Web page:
In beginning a Wine Weblog for Elf, it is only natural to begin with my personal take on the question we all seem to have to answer these days: “What exactly is natural wine?”
In some ways I think the category of “natural wine” is an unfair one as it is definitively what wine has been for thousands of years. So in answering the question “What is natural wine?” I would respond with another question: “What exactly is wine?”
Wine is the fermented alcoholic product of grapes, pure and simple. This is exactly what natural wine is. One ingredient that man chooses and one ingredient that nature chooses (yeast). And so I think it unfair that contemporary practices of micro-oxygenating, adding cultivated yeasts for certain flavor effects, acidifying, chapitalizing (which is adding purified sugar to the wine juice prior to fermentation to boost alcohol and body), adding wood chips, adding chemical preservatives or any of the 200 other permitted ingredients to wine should be central to what our understanding of wine is today. Commercial, industrial wine should have to have a qualifier in its title, not so-called “natural” wine. So from now on, in this blog, I will refer to industrial wine as exactly that and to “natural” wine as simply “wine”.
I would like to begin this weblog also by featuring a winemaker that we have been loving here at Elf, who comes from the bucolic and stubbornly simple Mediterranean island of Sardinia. The winemaker promotes his own wine with a label on the back that finishes, “Sorry but we don’t follow the market, we produce wines we like, wines from our culture. They are what they are and not what you want them to be.” And that is exactly why they are exactly what I do want them to be!
I drink wine to experience something new every time. I do not want predictable, always perfectly balanced wines that always just end up tasting, well, like wine. I want to be surprised and confused. I want the wine lexicon to escape me and to just fall into the glass a happy prisoner of its mystery. A great wine for me should be somewhere between Rumi and Borges, mystical and labyrinthine, without a solution or the ability to categorize it. It should lead to a feeling and not a series of tasting notes. It should be an experience, and if we’re lucky, one which makes us feel in the presence of something divine, whether that divinity feels like the Sistine Chapel or a voodoo ceremony.
And so eschewing all tasting notes and labels, I will go on to describe with these paltry and vulgar words a couple of wines from Tenute Dettori from their farm Badde Nigolosu. Now, I should say, these are wines made by farmers, they are rustic and unabashed. They are autocthonic and unapologetic and come from an incredibly unique place in the world that has not been as touched by global tastes as say our friends have in Bordeaux.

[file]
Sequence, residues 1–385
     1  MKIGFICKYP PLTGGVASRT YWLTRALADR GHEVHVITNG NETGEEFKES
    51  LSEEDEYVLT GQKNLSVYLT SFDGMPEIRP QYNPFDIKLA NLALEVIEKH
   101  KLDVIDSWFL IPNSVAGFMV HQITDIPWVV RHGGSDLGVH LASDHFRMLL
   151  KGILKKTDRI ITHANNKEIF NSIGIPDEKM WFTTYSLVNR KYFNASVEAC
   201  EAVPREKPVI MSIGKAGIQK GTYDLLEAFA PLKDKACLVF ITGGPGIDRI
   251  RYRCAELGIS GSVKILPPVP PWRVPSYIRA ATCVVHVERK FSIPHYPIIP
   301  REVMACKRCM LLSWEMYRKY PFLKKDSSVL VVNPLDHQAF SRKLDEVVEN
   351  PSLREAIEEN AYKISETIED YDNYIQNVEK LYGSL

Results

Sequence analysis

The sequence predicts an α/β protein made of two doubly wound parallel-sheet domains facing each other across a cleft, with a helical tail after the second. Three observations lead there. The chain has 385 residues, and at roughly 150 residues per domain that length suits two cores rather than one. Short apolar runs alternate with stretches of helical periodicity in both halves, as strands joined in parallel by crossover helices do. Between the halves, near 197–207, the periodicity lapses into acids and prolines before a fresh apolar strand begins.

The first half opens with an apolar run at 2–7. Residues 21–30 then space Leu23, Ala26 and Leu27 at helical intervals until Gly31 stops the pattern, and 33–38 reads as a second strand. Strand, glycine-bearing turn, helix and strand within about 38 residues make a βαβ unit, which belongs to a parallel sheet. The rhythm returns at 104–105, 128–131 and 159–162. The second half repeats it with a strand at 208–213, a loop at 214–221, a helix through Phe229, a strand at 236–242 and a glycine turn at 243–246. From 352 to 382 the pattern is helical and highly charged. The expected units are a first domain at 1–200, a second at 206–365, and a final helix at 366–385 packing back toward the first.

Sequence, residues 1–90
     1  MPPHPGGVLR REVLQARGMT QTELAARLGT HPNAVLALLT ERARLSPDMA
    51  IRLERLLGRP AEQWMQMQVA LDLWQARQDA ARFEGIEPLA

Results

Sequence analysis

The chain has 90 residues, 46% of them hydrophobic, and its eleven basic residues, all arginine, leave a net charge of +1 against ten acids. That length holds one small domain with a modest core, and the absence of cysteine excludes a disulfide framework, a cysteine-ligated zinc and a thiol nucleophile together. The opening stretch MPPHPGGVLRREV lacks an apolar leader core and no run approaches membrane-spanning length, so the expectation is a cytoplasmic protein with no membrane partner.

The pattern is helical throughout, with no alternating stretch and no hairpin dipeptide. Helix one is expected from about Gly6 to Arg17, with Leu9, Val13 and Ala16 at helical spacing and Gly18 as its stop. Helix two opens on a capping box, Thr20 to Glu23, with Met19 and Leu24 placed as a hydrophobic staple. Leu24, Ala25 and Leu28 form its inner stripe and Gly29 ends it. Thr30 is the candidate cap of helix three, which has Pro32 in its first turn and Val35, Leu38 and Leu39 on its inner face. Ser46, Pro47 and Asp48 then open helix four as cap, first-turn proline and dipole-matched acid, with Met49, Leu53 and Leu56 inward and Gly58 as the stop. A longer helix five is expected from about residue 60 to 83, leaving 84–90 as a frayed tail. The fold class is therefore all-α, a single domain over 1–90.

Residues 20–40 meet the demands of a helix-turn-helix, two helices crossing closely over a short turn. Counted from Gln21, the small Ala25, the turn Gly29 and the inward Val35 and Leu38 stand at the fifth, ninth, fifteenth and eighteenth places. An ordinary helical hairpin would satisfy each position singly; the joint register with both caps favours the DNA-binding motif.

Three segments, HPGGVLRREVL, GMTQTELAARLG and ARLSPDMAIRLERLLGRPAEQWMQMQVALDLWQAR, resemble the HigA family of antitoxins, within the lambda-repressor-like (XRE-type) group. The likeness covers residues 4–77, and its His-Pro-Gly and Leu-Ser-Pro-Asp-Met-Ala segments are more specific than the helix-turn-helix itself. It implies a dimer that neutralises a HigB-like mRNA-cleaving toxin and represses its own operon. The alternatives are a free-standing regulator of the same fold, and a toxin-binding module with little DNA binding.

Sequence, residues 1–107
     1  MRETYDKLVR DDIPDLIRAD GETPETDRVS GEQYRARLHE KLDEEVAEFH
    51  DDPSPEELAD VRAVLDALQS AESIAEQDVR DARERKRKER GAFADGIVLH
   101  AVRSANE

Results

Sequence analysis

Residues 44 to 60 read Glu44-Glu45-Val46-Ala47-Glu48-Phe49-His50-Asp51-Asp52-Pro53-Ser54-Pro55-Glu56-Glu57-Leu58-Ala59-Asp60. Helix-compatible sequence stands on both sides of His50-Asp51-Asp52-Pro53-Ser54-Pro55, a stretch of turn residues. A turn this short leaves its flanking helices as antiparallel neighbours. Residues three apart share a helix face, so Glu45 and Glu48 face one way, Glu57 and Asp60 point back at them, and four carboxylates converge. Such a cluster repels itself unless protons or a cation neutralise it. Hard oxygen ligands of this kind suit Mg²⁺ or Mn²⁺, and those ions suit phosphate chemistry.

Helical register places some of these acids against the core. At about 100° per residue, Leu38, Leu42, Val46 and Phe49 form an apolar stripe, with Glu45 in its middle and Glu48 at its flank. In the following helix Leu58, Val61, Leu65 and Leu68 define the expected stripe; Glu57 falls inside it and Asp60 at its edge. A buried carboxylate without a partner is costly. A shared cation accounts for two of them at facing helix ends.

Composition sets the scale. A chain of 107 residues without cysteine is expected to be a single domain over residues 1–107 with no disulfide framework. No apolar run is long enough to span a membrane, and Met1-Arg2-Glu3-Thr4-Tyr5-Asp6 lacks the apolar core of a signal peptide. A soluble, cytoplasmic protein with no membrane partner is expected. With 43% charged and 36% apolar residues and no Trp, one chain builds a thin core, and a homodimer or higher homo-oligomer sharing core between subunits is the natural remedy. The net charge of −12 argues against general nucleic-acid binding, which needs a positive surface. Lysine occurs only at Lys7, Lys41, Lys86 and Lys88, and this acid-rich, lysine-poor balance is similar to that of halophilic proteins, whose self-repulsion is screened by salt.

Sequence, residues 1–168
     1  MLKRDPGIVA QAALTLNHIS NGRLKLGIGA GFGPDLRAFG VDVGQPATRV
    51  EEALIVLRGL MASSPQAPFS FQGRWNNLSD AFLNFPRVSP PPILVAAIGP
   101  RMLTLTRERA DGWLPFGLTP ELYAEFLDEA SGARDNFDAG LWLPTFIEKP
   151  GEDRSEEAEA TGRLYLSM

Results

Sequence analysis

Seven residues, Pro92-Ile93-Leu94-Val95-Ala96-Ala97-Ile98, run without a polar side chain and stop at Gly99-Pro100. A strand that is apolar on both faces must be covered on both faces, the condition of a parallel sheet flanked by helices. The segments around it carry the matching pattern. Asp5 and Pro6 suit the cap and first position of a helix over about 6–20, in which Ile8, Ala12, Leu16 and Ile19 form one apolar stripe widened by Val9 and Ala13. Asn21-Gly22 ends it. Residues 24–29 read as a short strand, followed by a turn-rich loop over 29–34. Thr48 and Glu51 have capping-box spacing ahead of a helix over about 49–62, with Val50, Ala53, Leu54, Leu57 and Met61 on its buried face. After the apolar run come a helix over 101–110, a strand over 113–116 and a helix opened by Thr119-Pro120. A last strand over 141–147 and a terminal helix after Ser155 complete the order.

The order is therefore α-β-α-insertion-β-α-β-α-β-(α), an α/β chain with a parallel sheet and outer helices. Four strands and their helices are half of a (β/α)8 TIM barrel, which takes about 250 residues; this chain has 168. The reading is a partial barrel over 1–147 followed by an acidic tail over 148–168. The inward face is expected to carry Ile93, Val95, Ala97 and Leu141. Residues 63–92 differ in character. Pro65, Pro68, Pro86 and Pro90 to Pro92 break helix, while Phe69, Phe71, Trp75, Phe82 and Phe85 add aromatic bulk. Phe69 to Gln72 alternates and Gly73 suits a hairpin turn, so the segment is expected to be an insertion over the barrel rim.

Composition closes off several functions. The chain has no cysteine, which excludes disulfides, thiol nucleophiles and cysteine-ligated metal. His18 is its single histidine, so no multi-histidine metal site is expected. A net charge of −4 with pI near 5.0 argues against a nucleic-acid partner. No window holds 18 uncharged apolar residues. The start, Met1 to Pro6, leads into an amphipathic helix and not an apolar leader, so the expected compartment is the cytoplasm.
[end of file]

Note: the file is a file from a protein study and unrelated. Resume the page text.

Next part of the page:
The 2013 Dettori Bianco (Vermentino) is cloudy as a witches cauldron. In fact, the first time I enjoyed it in my home, there was some light shining through it from my film projector and I could see a swirl in it that looked like a little galaxy (and this was only my first glass of the night, so don’t get any ideas)! It had honeysuckle and copper on the nose and a touch of the sheep that must herd around the vines, giving off their waste material as a source of warm and perfect life to the soil. The fruit is elusive and I will just call it cantaloupe for now, and a layered and mineral acidity follows the honeyed texture beautifully. This is a wine that has parts to it and it shows its seams. Instead of a smooth narrative arc, it walks up and down a stony path. I should mention that this is an “orange” wine that sees some time on the skins, so it also expresses some tannin, which makes it ideal pairing for heartier fare.
And while you can tell that I have been deeply inspired by their orange wine, the 2006 Dettori Tenores (Cannonau) is such a thing of beauty, it makes my tear ducts begin to swell. Coming in at 16% alcohol (I rarely drink this high of an octane in a wine) and made with a grape that is genetically related to Grenache you would expect it to be a monster of a thing, hardly drinkable for its fullness and force. It is just the opposite. The body is ethereal and enigmatic, even light. I should say the first time I had the pleasure of this bottle of wine was with my boss at Elf very late and a couple bottles into the night already. I felt badly about opening this beautiful bottle with my taste buds so thoroughly compromised by this point but we were less inhibited by then and my guilt was easily swayed by the opportunity. In order to make sure the wine was appropriately enjoyed, I suggested that we walk around the block while enjoying it under the full moon. This is exactly how this wine should be enjoyed: outside, preferably with no shoes on in conversation with and basking in some heavenly globe as our ancestors have done so long before even the automobile existed. It is something that goes back in time, through history. This is why I love wine: it gives us the opportunity to travel in time and space. Spicy, raspberries, ethereal, beautiful bricking of the color on the rim, almost browning, I would say. Lot of sediment so its good to decant. It’s been waiting in the bottle for seven years, so it’ll want to breathe when it awakens. Though this is not for the unadventurous. If you want a Napa Cab, you should stick to that, I’ll be flopping around on the ground frothing at the mouth for some corner of the world of wine where I can take a dirt bath and eat fresh sheep cheese while in the presence of the wooly producer (the actual sheep that is).